Bit-by-bit: Search Strategies, Resource Organization, Management & Sustainability; The Creation of Knowledge in the Digital Era
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session 01 - bibliographic
session 02 - more research within the browser
session 03 - the science of
session 04 - collaborative work and reproducible
session 05 - organizing knowledge and classification
session 06 - about OpenAccess, open peer review
session 07 - sustainable writing - publishing -
session 08 - licensing your
session 09 - data and data
session 10 - big data_social network
session 11 -
session 12 - where do we go from here?


Search Strategies, Resource Organization, Management & Sustainability; The Creation of Knowledge in the Digital Era

"Media are not pseudopods for extending the human body. They follow the logic of escalation that leaves us and written history behind it." Friedrich Kittler

Thanks to the groundbreaking works of historians, anthropologists, sociologists and researchers in related interdisciplinary fields (medium theory, cybernetics), it has by now become accepted wisdom that not only the amount, but also the nature of scientific knowledge is a function of the constraints and opportunities that are hard-wired into the communication technologies that contain it. We are nowadays experiencing yet another sea change in information production and dissemination, conveniently summarized as the ‘digital revolution’.

Exploring the disruptive impact of the latter on the production of scientific knowledge is the mainstay of this course and project. As this course does not believe in the usefulness of the traditional lecture (and neither should you), the approach is ‘hands-on’: through the concrete manipulation of a wide range of (scholarly) tools, students will gradually be made aware of how conceptual domains and knowledge categories are shifting and emerging, and what types of attention will be indispensable when doing research in the aftermath (and mirror) of the ‘Gutenberg Galaxy’....

This course will take students on a digital journey which includes the management of bibliographic sources, alternative methods of writing and publication, tools for integrating writing and data analysis, etcetera. We also look into contemporary debates on preservation, data visualization, the relevance of academic debate in modern society, and what else. At all times will we be reminded of the fact that the medium is the message. Eventually -and thereby even going against Marshall McLuhan's famous dictum, we discover that what we refer to as 'man' may well be the extension of technologies and communication media, rather than the other way around.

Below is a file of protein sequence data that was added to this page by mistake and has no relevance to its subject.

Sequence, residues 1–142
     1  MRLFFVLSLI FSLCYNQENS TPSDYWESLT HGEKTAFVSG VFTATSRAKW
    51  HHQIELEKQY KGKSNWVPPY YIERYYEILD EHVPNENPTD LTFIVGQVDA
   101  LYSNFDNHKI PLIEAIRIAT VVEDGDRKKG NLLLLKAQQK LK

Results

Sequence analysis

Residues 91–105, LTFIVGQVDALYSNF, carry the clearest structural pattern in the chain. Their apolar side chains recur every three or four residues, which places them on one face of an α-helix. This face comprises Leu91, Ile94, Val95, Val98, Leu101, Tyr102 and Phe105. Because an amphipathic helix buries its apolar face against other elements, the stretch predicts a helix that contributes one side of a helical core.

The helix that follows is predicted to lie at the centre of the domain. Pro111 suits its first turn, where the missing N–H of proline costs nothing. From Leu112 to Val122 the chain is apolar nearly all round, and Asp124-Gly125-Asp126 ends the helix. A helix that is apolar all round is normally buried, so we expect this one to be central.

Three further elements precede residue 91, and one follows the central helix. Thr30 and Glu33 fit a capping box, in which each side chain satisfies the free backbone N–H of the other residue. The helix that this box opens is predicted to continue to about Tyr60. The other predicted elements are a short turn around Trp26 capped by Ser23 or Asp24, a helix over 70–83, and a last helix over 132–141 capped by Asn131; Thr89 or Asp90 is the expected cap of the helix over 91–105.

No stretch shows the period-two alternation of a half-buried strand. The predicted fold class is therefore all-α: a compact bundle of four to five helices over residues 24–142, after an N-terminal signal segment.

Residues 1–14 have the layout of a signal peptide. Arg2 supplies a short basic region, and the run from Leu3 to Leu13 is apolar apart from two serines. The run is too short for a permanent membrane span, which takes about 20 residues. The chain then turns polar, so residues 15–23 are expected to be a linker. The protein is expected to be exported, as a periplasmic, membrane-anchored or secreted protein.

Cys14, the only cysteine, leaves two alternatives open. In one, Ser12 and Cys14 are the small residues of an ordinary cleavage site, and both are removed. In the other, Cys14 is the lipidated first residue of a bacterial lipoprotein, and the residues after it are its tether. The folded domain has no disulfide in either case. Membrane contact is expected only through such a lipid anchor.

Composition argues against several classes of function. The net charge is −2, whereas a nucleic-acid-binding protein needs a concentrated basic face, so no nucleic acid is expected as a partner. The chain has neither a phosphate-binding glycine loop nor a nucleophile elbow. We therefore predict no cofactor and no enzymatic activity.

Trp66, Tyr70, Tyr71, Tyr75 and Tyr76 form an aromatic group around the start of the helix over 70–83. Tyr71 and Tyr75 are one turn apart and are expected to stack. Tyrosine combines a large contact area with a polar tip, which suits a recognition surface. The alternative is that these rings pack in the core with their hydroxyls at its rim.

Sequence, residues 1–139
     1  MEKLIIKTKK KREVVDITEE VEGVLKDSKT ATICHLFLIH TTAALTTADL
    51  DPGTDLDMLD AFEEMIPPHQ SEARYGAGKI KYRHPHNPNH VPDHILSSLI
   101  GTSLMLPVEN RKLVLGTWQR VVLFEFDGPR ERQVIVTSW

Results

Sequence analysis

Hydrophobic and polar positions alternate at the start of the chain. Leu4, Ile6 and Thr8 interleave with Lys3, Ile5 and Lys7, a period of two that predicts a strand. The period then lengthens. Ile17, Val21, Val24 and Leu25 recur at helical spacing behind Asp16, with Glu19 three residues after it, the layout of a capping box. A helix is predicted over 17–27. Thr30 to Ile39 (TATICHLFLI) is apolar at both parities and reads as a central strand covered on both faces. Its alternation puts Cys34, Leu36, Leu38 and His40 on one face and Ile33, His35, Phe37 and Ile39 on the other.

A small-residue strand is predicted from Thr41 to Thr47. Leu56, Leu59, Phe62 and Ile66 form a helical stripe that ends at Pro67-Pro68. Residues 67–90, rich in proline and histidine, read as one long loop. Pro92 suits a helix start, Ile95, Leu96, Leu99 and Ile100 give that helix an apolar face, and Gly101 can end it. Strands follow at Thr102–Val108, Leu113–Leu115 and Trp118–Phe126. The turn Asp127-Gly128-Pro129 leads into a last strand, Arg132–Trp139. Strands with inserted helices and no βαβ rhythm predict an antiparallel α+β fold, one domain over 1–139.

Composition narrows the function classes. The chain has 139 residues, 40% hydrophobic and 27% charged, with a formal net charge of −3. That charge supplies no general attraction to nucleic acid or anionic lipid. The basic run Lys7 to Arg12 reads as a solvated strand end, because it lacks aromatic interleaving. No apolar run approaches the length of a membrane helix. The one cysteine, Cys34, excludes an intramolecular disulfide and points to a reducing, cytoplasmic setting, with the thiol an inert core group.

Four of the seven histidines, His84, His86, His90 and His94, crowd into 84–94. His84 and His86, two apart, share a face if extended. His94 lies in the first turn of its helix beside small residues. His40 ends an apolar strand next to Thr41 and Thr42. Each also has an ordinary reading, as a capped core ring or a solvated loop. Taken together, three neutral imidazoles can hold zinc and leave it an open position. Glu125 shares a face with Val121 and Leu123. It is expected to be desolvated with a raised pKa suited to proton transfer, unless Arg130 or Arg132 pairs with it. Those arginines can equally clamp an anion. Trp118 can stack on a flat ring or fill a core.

Introductory reading(s):

  • Hoover, Dave, and Adewale Oshineye. 2009. Apprenticeship Patterns: Guidance for the Aspiring Software Craftsman. 1 edition. Beijing ; Cambridge Mass.: O’Reilly Media.
  • Resnick, Mitchel, and Ken Robinson. 2017. Lifelong Kindergarten: Cultivating Creativity through Projects, Passion, Peers, and Play. Cambridge, Massachusetts: The MIT Press.
  • Sennett, Richard. 2009. The Craftsman. 1 edition. New Haven: Yale University Press.


Session 1: bibliographic management

Session 2: more research within the browser window

Session 3: the science of search

Session 4: collaborative work and reproducible research

Session 5: organizing knowledge and classification systems

Session 6: about OpenAccess

Session 7: sustainable writing -publishing - preservation

Session 8: licensing your work

Session 9: data and data visualization

Session 10: big data & social network analysis

Session 11: encryption - anonymity - safety - whistleblowing

Session 12: where do we go from here?